What Is a Religious Exemption?

Lainie Petersen

A religious exemption refers to the right of individuals to refrain from paying certain taxes or complying with some laws because of their religious beliefs. In many jurisdictions, religious freedom is often interpreted in law to allow such exemptions. In the United States, religious exemptions include the right of some members of religious groups to refrain from paying into Social Security or purchasing state-mandated health insurance. Religious exemptions may also exist for individuals who wish to refuse certain types of medical treatment or who do not wish to comply with compulsory school attendance laws. In some cases, an individual may be granted a religious exemption from certain grooming standards imposed by the military or other government agencies.

Religious exemptions allow people to avoid paying taxes or following laws because of their beliefs.
Religious exemptions allow people to avoid paying taxes or following laws because of their beliefs.

While many countries develop a body of law as well as social customs that generally reflect the culture of the majority of its people, in many places religious minorities exist. As a result, the practices and beliefs of those who adhere to minority sects may conflict with the legal obligations and expectations that are generally imposed on the residents and citizens of that country. Each country has its own standards of flexibility on the issue of exempting individuals from legal obligations on the basis of religion.

Religious exemption might involve school dress codes.
Religious exemption might involve school dress codes.

One significant area of religious exemption is the area of personal appearance standards. Depending on the circumstances, individuals have been able to successfully challenge dress codes and standards in a variety of institutions, including workplaces and schools. For example, some religions require adherents to wear distinctive headgear. In a workplace or school that otherwise forbids the wearing of hats, a person may be able to petition for religious exemption so that she can wear a religious head covering.

Other areas in which someone may be able to apply for religious exemption include standard medical procedures. Some religious faiths are opposed to vaccinations despite the fact that schools may require students to be vaccinated before attending classes. If a student or his family belongs to a religious group that is opposed to vaccination, he may be able to petition for religious exemption to these vaccination requirements.

Similarly, some religious groups or individual parents may not wish for their children to attend public school or to participate in schooling past a certain age. Parents may receive a religious exemption to compulsory attendance laws and may opt for homeschooling or educating their children through a private schooling system. For example, the Amish in the United States do not believe in sending children to school past the eighth grade. The Amish have successfully received religious exemptions so that their children are able to attend school within their communities and discontinue formal education prior to the age at which other, non-Amish children are legally obligated to stay in school.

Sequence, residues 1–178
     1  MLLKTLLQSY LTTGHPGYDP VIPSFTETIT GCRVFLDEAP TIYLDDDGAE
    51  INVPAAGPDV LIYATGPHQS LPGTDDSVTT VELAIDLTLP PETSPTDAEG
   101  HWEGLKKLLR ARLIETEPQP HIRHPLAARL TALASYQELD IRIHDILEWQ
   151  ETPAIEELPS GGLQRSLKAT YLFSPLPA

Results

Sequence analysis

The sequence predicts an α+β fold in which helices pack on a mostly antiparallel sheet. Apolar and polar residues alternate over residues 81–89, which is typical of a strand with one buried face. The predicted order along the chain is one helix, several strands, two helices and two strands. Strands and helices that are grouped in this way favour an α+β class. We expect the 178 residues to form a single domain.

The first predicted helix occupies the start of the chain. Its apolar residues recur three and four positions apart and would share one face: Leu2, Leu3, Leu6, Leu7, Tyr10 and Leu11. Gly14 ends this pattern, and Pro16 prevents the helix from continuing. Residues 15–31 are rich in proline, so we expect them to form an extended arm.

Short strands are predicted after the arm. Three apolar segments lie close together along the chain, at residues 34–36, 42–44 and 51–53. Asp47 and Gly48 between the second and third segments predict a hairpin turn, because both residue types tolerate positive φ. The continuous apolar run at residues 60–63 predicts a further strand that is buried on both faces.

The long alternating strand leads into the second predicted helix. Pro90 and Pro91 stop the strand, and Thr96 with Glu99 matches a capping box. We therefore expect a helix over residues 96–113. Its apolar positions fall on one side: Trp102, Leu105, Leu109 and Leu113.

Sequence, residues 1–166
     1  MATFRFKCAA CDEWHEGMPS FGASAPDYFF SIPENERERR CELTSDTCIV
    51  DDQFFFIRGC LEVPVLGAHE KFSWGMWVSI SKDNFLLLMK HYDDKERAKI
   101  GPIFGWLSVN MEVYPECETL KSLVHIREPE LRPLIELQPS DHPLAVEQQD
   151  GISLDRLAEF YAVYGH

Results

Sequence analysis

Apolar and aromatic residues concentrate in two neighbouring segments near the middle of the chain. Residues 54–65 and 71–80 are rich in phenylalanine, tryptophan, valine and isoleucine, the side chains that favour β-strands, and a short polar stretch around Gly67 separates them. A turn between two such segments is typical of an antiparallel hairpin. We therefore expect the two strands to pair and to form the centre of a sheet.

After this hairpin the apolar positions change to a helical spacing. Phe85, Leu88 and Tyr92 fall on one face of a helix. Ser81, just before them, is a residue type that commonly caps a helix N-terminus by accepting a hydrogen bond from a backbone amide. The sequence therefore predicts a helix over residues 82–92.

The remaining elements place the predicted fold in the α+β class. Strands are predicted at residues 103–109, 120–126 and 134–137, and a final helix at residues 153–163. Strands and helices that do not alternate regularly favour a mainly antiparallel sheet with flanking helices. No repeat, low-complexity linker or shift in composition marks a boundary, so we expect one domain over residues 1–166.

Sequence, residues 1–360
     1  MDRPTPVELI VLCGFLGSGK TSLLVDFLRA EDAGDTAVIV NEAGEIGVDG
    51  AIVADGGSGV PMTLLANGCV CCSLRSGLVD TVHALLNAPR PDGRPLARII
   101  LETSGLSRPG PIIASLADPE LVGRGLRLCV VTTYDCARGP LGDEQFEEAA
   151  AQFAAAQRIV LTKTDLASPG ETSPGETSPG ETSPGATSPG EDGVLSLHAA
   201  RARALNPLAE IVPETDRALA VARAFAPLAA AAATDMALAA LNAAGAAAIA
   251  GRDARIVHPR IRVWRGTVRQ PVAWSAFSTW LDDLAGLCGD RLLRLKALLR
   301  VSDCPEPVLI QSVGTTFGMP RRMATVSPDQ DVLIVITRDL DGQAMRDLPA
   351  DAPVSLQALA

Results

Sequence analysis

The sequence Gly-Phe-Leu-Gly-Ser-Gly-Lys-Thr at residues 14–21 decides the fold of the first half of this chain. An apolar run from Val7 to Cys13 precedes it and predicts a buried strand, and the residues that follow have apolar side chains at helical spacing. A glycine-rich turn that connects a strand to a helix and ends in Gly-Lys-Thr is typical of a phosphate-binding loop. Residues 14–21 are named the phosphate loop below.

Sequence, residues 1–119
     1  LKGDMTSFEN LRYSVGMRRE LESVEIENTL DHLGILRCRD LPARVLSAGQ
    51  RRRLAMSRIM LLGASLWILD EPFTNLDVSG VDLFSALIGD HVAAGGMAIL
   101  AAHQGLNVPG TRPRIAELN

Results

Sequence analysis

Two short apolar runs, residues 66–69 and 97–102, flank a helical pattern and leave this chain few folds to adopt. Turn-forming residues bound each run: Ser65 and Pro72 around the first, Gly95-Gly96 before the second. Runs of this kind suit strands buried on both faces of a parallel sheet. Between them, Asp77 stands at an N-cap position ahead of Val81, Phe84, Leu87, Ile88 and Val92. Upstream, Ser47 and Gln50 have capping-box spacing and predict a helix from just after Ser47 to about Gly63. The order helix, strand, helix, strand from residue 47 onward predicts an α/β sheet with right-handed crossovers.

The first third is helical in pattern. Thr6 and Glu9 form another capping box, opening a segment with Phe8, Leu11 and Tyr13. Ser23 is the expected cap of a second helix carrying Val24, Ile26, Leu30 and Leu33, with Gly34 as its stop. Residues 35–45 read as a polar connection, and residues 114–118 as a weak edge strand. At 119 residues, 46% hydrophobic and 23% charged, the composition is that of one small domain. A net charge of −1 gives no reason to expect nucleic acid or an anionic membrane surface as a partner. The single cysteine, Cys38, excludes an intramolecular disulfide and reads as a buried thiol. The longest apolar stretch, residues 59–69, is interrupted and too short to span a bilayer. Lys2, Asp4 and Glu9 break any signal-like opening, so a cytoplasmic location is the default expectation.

Freedom of religion protects some religious exemptions in the United States.
Freedom of religion protects some religious exemptions in the United States.

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Discussion Comments


I'm hearing more stories about members of certain religious groups asking to be exempt from the Affordable Care Act because it allows for birth control coverage. Their particular faith believes that birth control goes against God's will, so they shouldn't be forced to participate in a system that funds it. I can agree with them on principle, but I also think the claim of a religious exemption can become a slippery slope legally. I personally don't like having my tax dollars spent on military weapons, for example, but I still have obligations as a citizen to pay my federal taxes. There is no such thing as a "morality" exemption.


My first experience with a religious exemption happened when I was working for a fast food restaurant. The standard uniform was a polo shirt with the store's logo, black polyester pants and a visor. Two of the girls hired to work on the front counter were members of a very conservative Protestant denomination which didn't allow women to wear slacks. At first, the restaurant manager tried to force them to wear the official company uniform at work, but then decided it would be okay for them to wear black skirts instead.

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